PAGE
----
Bill O’Brien has had one of the more unique coaching careers in football history. He has done a little bit of everything, but finds himself back at a lower-ranking position than he could get if he opened himself up to other opportunities.
That is on purpose.
O’Brien, who began his career as a position coach with Brown, Georgia Tech, Maryland and Duke, joined the Patriots’ staff as an offensive assistant in 2007. After working his way up, the Massachusetts-native was named the offensive coordinator in New England in 2011.
After one season overseeing the Patriots offense, O’Brien left for the head coaching job at Penn State. He took over in the wake of the Jerry Sandusky scandal and kept the Nittany Lions afloat with back-to-back winning seasons in years they weren’t supposed to be even slightly competitive.
As a result, the Texans came calling.
After the 2013 season, O’Brien left Happy Valley to take the same job in Houston. And then things got unique, as he also became the team’s general manager.
Ultimately, after six years it did not work out. O’Brien was fired after trading away DeAndre Hopkins in 2020.
Following a year out of coaching, Nick Saban hired Bill O’Brien to run the offense at Alabama in 2021.
His first year with the Tide ended in an SEC Championship and a national championship loss. Not too shabby.
“You know, it was one of those things where when you get fired in coaching, you find out really right away that maybe you didn’t have as many friends as you thought you did have,” O’Brien said. “And I think when Coach Saban reached out to me and talked to me about this job as they were getting ready for the national championship game, I didn’t feel like — as I talked about it to my wife, Colleen, and our family — I didn’t think it was anything I could pass up. To have the opportunity to work for the great college coach of all time — arguably one of the greatest coaches of any sport — I don’t think you could pass that up.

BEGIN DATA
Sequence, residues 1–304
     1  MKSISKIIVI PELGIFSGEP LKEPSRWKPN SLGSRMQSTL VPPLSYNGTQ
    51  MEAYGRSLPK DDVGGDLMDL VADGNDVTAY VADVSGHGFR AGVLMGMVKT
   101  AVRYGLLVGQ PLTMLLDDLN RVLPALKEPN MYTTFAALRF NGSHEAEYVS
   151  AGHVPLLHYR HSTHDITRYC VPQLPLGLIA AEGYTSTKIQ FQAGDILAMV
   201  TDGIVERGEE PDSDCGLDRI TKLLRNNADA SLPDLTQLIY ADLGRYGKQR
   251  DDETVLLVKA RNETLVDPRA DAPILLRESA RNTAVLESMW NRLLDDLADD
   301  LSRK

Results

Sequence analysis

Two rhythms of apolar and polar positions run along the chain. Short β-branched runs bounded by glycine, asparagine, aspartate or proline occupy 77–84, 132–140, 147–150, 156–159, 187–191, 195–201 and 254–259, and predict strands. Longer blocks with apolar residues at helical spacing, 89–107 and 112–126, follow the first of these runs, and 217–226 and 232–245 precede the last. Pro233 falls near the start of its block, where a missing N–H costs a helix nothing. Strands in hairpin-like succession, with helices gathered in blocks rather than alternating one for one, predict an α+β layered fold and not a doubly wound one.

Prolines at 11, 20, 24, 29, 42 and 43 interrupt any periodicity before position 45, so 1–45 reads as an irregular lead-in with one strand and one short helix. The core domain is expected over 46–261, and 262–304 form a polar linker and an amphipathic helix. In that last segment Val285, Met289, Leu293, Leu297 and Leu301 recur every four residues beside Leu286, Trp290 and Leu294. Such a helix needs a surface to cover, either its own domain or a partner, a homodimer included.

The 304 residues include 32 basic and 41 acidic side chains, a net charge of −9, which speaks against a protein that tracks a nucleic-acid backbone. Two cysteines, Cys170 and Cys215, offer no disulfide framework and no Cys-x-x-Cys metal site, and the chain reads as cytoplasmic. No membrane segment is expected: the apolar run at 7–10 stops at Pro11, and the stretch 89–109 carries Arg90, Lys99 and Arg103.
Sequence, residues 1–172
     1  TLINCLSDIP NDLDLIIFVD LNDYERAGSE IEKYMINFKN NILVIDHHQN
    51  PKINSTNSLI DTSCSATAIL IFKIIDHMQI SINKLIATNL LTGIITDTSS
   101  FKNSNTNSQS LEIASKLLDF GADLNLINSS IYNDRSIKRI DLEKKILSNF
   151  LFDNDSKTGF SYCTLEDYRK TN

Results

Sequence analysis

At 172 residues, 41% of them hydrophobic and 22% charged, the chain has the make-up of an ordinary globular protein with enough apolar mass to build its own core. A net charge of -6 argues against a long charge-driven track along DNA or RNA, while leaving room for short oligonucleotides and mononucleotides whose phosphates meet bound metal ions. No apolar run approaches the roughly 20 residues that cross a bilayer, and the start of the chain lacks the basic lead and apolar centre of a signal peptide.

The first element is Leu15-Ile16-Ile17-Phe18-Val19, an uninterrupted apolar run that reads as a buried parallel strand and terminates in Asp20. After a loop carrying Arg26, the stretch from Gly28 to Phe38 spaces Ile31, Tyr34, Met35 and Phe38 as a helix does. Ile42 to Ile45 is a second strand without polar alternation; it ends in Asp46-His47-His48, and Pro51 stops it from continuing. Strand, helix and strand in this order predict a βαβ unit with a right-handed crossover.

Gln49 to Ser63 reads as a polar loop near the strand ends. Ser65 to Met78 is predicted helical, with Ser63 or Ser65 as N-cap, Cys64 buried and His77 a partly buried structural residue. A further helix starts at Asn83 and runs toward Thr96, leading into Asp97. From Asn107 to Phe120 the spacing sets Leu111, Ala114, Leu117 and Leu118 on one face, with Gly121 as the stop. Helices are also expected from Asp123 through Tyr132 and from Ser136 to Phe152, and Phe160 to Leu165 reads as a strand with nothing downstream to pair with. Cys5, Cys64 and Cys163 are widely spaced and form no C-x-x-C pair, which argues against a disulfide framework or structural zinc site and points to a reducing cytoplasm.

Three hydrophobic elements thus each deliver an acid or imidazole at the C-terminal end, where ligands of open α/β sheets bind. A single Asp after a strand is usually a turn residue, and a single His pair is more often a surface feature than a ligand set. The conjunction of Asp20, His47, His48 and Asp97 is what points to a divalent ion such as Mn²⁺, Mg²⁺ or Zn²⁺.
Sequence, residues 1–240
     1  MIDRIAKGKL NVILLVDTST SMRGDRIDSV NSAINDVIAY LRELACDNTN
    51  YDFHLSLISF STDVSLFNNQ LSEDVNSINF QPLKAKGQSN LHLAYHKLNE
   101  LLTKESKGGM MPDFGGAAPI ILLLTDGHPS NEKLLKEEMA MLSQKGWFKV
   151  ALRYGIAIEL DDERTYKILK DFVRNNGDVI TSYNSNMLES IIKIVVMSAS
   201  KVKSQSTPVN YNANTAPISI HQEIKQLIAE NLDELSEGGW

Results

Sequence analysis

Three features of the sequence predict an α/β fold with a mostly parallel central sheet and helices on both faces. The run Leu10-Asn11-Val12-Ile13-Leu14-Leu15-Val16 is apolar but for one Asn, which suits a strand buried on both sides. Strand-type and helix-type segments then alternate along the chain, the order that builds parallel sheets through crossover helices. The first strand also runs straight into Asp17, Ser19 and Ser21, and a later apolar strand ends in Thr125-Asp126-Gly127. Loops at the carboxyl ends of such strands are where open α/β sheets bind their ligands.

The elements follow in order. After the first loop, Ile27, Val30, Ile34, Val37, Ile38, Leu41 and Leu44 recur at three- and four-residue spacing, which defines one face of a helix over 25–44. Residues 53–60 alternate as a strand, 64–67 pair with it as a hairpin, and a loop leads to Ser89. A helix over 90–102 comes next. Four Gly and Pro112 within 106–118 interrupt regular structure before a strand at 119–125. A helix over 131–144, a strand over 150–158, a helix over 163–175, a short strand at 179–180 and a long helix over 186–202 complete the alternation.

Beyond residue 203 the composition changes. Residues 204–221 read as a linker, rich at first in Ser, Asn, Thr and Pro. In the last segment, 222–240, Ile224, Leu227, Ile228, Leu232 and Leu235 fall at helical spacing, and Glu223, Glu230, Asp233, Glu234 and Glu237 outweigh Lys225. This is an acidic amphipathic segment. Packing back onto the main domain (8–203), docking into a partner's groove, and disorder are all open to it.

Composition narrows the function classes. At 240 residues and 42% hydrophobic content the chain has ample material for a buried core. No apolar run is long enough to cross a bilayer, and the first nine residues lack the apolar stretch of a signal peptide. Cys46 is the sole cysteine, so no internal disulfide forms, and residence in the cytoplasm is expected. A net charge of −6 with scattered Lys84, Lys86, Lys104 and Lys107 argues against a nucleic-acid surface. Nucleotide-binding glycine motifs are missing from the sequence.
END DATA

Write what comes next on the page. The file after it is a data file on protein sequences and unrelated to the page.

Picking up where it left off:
“To learn from him, to come into this program and see how he does things, to be an offensive coordinator again with a lot of great players and a great coaching staff, that wasn’t anything that I could pass up. And so we talked about it for about a day and we decided that that was the best decision for our family.”
All of this goes to say that O’Brien’s career has been unconventional. At 52 years old, his track record has earned him opportunities to take a better job. He could likely become a college head coach, or an offensive coordinator in the NFL.
But Bill O’Brien isn’t interested in other job opportunities.
He loves the team in Tuscaloosa and is grateful to Nick Saban for letting him be on the staff. As a result, he signed a two-year contract with Alabama and made a two-year commitment.
“I made a commitment to Coach Saban,” O’Brien said. “Those things come up relative to what your role is in different programs, where you’ve been. I’ve been doing this a long time and I’ve had various roles in coaching, so obviously, those things come up.
“But I made a commitment to Coach Saban. I love coaching here. The players, the coaching staff, it’s been — like I said in the opening statement here — it’s been a really good experience. I’ve learned a lot. I’m very appreciative of Coach for giving me this opportunity.”
The loyalty to Alabama speaks wonders about Nick Saban. O’Brien has had opportunities to leave, for either a better job or one that doesn’t require the insane grind of coaching on the collegiate level. But he is staying. O’Brien isn’t going anywhere.
Part of the reason is likely because the Crimson Tide will probably be back in the College Football Playoff. Part of the reason is Saban.
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